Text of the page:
The Evolution of Surround Sound Technology

Ever since we started combining our TV’s with our speakers a few decades ago, surround sound systems have been moving forward. Today’s producers pay more attention than ever to the audio soundtrack of a film and if you have a great home theater system, you can easily hear how much better things have gotten since the early days of home theater. Surround sound formats have advanced so much over the years, we thought it would be fun to look back at how it all got started which does help give us some insight on where things might be going in the future.

The First Stereo Broadcast

The year was 1984, Miami Vice was the first television show to be broadcast in stereo. You needed a stereo VCR, an amplifier, and a pair of speakers to listen to it. The improvement in sound from the tiny speaker inside the 20-27” TVs of the time was simply amazing.

Dolby Pro Logic

The industry soon figured out that with all that great sound, it was harder to understand what the characters were saying on the screen. With just two speakers, the dialog was getting blended into the left and right speakers along with the music and special effects. Dolby Laboratories came to the rescue with Dolby Pro Logic and the addition of a center channel speaker and two surround speakers.

Their process took anything mixed in mono (which was always the dialogue track) and sent it out to the center speaker. Dolby Pro Logic also extracted some ambient effects from the left and right tracks that became the surround channels. As a result, 5 channel surround was born. Bear in mind, these 5 channels were all being interpreted from a basic stereo audio mix.

Dolby Digital

Then along came Dolby Digital. This was a huge breakthrough because each speaker was assigned a channel. We finally had a discrete 5.1 channel system! Surround sound no longer relied on guessing; the actual information was there. Dolby Digital allowed the producer of the audio track to assign sounds to each channel and balance how much went where.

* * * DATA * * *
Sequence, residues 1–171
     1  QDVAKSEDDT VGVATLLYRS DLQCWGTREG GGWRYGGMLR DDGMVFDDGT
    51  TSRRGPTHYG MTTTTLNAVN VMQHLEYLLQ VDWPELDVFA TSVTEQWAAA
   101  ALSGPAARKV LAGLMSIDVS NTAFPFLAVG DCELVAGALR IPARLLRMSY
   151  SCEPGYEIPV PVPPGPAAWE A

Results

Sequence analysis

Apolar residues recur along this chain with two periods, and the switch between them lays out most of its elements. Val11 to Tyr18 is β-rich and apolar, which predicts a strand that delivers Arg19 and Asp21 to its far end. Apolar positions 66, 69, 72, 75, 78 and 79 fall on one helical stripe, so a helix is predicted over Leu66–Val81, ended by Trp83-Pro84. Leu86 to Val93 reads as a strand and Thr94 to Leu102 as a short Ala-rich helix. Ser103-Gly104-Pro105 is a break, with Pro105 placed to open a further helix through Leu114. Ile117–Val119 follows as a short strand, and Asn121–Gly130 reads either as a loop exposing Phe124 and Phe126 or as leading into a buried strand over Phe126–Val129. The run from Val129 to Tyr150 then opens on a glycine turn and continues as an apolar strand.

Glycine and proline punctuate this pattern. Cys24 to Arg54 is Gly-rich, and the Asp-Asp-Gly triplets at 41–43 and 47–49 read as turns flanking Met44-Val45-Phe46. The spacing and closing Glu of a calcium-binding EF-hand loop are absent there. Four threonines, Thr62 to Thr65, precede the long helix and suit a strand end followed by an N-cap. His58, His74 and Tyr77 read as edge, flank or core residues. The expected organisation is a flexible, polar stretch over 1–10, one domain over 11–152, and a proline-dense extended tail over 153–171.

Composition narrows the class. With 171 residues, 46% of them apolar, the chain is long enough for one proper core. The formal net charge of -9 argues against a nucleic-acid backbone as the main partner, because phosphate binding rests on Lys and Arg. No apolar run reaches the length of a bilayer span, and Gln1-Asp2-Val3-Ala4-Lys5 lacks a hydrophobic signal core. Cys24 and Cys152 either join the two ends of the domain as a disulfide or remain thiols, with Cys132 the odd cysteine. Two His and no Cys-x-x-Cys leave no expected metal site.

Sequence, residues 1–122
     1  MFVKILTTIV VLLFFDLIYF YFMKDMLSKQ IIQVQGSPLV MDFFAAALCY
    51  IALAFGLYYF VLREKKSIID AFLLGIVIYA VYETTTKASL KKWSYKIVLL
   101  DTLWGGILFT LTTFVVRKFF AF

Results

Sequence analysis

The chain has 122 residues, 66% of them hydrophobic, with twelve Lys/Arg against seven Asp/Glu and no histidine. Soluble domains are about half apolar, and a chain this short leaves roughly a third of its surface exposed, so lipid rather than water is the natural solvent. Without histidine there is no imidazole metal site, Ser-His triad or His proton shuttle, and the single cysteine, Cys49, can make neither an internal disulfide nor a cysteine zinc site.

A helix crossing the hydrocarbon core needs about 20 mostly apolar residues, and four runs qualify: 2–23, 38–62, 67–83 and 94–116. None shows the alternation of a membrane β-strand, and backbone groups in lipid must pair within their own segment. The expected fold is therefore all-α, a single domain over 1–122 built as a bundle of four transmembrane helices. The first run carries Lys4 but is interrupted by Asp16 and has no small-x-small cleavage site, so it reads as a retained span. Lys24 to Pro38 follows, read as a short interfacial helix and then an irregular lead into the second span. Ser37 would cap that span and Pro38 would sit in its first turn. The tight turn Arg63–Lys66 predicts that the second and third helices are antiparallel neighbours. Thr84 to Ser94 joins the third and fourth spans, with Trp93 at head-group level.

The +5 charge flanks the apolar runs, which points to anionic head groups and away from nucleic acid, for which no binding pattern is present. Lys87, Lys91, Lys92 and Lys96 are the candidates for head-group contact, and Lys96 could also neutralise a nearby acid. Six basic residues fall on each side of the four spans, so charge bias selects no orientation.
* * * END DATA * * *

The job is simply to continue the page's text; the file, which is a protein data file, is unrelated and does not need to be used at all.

This greatly helped surround effects become more immersive as the engineer had the freedom to mix say 20% to the front and 80% to the back on one effect, and possibly 50/50 on another, enabling sounds to travel from front to back in our rooms. Other audio formats evolved, including DTS, TrueHD, and DTS HD Master Audio, which all relied on the individual channel technology.

Dolby Atmos

This brings us to the present day and Dolby Atmos. Are you starting to notice a common name in all of these? Yes, Dolby Laboratories has played a huge role in advancing home theater technology over the years. Dolby Atmos is as big a jump forward, if not more, than Dolby Digital. With Dolby Digital, the engineers just basically have a front to back and left to right fader to assign sounds with. What if your room could be mapped as a three-dimensional cube and the engineer could assign sounds to appear at any exact location?

Dolby Atmos was originally designed for large commercial cinemas with up to 128 discrete channels. A typical Dolby Atmos home setup will have fewer channels but still provide you with an incredible experience. With object-based sound mapping today, engineers can literally make it sound like a fly is buzzing around your head or give you the sensation of raindrops falling on top of you. For most homes, a full-blown Dolby Atmos system will consist of the left and right speakers, the center channel, a pair of surround speakers, a pair of rear speakers, and 4 Atmos speakers.

The idea with Dolby Atmos is to surround the main seating area with speakers. The speaker layouts and positions are also different than what we strove for with Dolby Digital. With Dolby Digital, in order to add some height to the sound, the surround and rear speakers might be positioned higher or in the ceiling to add that sense of height. For Dolby Atmos, we want our surround speakers on each side of the main seats at ear level. The rear speakers ideally should also be about ear level and behind the main seats. The Atmos speakers (sometimes called height speakers) which can either be in-ceiling overhead speakers or upward-firing Dolby Elevation speakers provide the sound from above.